All 15 members of the United Nations Security Council condemned Friday’s deadly terror attack in East Jerusalem during an emergency session that was scheduled a day earlier to discuss a deadly IDF raid in the Palestinian city of Jenin, two UN diplomats told The Times of Israel.
The meeting was the second emergency session that the council has held on the Israeli-Palestinian conflict in the past month, as tensions have surged since Prime Minister Benjamin Netanyahu’s hardline government took office late last month.
Had the session been held 24 hours earlier, the focus of many members might have been on the Israeli military’s tactics in an operation that left nine Palestinians dead in Jenin.
Instead, council members paid significant attention to the attack in Jerusalem that saw a Palestinian terrorist open fire at civilians outside of a synagogue in the Neve Ya’akov neighborhood, killing seven people and injuring at least three others, the diplomats said.
The military operation in Jenin targeted a terror cell that was preparing an imminent attack, the IDF said. Most of the deaths were members of the cell or gunmen, although at least one civilian was also killed.
The Security Council representatives from China, France, Russian Federation, the UK, the US, Albania, Brazil, Ecuador, Gabon, Ghana, Japan, Malta, Mozambique, Switzerland and the United Arab Emirates all condemned the Jerusalem attack.
Unlike the public session earlier this month that was called to discuss far-right National Security Minister Itamar Ben Gvir’s visit to Jerusalem’s flashpoint Temple Mount, Friday’s session was held behind closed doors, and the Israeli and Palestinian ambassadors were not invited to speak.
Friday’s session began with a briefing from the UN’s Mideast envoy Tor Wennesland, who updated members on Thursday’s Jenin raid along with Friday’s Jerusalem attack and warned that the situation is “rapidly deteriorating,” one diplomat said.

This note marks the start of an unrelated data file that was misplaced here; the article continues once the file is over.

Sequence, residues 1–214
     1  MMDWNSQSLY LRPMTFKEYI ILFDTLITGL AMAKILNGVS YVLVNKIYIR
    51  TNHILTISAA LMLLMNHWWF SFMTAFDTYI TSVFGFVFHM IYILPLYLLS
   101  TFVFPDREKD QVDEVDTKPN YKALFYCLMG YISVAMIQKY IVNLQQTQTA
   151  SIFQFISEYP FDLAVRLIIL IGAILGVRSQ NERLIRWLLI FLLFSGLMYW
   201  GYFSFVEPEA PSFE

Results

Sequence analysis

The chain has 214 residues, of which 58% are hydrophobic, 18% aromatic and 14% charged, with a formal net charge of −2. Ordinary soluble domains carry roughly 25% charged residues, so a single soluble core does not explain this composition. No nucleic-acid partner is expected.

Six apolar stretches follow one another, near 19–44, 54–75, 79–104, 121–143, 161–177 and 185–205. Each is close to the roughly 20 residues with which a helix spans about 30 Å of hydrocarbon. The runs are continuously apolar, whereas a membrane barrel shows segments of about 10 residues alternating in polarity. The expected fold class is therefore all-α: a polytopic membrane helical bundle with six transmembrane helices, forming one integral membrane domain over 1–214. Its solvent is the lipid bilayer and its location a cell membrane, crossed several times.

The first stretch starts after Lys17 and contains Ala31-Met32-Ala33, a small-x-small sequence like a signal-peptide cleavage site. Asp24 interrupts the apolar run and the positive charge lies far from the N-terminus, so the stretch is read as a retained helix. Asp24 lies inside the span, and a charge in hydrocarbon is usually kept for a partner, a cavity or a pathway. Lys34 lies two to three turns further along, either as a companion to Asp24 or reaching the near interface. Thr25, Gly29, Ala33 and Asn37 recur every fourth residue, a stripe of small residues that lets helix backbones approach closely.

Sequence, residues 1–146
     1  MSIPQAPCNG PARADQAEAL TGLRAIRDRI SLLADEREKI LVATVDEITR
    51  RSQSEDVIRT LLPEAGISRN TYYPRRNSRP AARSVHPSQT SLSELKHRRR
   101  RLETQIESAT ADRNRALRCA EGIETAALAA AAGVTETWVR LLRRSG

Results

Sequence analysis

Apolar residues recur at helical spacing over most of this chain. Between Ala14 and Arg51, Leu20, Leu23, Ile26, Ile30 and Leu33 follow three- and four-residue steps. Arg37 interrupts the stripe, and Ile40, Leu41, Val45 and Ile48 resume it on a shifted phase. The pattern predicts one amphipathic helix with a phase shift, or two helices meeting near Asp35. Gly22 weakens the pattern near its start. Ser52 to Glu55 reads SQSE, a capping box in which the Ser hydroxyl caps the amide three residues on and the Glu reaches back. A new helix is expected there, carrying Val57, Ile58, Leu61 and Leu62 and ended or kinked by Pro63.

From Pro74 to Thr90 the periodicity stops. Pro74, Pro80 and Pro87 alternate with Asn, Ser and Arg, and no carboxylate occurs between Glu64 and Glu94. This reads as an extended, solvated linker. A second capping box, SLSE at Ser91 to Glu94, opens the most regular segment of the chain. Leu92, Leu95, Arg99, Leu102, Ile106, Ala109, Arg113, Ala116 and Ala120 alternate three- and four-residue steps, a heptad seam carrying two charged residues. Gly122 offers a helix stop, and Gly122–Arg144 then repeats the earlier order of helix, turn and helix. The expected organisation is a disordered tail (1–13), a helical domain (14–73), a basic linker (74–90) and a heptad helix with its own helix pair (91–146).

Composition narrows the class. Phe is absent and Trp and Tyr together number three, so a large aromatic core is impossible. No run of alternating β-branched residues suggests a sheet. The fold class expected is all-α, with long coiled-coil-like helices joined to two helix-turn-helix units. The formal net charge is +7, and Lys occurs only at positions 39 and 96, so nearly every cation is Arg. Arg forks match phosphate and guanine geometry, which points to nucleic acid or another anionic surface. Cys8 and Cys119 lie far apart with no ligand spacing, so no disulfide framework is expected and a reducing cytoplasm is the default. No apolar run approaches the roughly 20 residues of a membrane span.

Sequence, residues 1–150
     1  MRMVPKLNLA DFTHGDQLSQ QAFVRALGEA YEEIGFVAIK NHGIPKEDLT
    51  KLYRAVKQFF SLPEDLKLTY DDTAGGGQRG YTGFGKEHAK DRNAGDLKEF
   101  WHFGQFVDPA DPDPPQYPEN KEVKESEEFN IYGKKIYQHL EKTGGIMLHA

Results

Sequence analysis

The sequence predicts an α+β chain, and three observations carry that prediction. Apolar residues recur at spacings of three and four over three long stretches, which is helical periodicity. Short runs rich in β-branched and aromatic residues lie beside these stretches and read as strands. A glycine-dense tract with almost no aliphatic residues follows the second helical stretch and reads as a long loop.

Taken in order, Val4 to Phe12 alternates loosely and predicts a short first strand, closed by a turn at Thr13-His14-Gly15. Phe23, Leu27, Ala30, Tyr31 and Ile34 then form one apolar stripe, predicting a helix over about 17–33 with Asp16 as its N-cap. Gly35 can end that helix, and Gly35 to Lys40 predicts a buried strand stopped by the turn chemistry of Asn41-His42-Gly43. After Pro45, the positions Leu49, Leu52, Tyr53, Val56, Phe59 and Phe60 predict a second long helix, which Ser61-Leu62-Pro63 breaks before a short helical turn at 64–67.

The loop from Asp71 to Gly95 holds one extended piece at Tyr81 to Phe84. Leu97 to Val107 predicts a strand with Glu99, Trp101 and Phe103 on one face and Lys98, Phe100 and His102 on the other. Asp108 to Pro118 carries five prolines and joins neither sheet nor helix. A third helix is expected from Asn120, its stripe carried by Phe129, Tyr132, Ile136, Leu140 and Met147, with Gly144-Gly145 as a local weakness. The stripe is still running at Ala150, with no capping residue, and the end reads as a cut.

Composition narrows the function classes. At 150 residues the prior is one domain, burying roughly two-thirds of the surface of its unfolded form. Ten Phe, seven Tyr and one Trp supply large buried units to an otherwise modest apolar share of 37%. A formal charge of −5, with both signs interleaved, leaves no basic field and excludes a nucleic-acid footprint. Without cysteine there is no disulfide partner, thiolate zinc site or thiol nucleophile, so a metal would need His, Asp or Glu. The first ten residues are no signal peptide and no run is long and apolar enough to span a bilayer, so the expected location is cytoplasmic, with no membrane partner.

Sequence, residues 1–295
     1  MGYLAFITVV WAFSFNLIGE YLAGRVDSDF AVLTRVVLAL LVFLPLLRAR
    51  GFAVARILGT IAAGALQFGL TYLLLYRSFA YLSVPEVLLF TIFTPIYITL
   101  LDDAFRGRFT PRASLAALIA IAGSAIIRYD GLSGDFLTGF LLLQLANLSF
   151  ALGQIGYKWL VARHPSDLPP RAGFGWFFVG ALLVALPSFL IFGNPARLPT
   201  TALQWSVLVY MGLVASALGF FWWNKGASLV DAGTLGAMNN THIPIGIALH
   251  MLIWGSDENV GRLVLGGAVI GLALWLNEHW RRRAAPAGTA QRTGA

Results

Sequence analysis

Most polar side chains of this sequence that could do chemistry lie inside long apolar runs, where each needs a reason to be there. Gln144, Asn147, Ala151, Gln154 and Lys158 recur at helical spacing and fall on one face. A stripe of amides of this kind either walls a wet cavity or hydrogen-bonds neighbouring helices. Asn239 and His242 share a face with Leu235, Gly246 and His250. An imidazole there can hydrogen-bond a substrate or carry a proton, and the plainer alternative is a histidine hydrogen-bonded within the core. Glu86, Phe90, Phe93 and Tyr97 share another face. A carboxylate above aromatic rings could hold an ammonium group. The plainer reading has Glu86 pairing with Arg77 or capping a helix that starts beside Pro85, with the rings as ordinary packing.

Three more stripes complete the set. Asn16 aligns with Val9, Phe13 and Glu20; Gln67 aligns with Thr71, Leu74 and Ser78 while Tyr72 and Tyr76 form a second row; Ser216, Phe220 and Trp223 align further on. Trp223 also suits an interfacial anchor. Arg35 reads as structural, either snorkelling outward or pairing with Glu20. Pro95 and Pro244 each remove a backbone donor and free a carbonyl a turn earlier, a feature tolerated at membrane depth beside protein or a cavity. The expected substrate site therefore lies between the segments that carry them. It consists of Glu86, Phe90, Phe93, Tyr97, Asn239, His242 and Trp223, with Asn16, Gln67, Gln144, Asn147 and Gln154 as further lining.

The diplomat said some members, particularly Russia, were more critical of Israel’s role in the ongoing escalation.
Friday’s meeting was requested by the UAE, China and France, indicating widespread concern regarding Israeli-Palestinian tensions, although there was a lack of consensus on how to approach the conflict.
The US representative used his prepared remarks Friday to argue against “unilateral measures” by the Palestinians at the UN, while Russia’s envoy said Moscow would support such initiatives, including one to grant the Palestinians official member status at the UN.
US Assistant Secretary of State for Near Eastern Affairs Barbara Leaf was asked during a Thursday briefing about the possibility that the Palestinian Authority would pursue action at the UN against Israel over Thursday’s raid.
“We don’t think it makes sense to be going to international fora at this point. This is exactly the point at which they need to engage with each other and that will be the nature of our discussions with both sets of officials,” she said.
While some emergency Security Council session lead to a decision by members to draft a joint statement or adopt a binding resolution, that was not the case on Friday.
“It speaks to the recognition by members that they won’t be able to reach a consensus on this issue,” said one of the UN diplomats who spoke on condition of anonymity.